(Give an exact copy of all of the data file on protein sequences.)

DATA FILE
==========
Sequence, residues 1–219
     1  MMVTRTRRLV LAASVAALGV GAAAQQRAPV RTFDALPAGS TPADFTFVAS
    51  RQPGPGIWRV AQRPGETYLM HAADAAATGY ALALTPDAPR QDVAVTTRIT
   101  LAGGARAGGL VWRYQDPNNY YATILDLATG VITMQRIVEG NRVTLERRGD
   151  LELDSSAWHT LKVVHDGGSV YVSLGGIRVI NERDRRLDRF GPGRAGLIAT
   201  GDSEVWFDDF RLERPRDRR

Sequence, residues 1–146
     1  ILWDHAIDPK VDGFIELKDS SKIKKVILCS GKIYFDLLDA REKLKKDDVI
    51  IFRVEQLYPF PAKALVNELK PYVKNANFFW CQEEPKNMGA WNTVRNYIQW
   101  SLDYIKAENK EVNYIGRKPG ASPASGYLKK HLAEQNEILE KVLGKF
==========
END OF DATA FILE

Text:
Sequence, residues 1–219
     1  MMVTRTRRLV LAASVAALGV GAAAQQRAPV RTFDALPAGS TPADFTFVAS
    51  RQPGPGIWRV AQRPGETYLM HAADAAATGY ALALTPDAPR QDVAVTTRIT
   101  LAGGARAGGL VWRYQDPNNY YATILDLATG VITMQRIVEG NRVTLERRGD
   151  LELDSSAWHT LKVVHDGGSV YVSLGGIRVI NERDRRLDRF GPGRAGLIAT
   201  GDSEVWFDDF RLERPRDRR

Sequence, residues 1–146
     1  ILWDHAIDPK VDGFIELKDS SKIKKVILCS GKIYFDLLDA REKLKKDDVI
    51  IFRVEQLYPF PAKALVNELK PYVKNANFFW CQEEPKNMGA WNTVRNYIQW
   101  SLDYIKAENK EVNYIGRKPG ASPASGYLKK HLAEQNEILE KVLGKF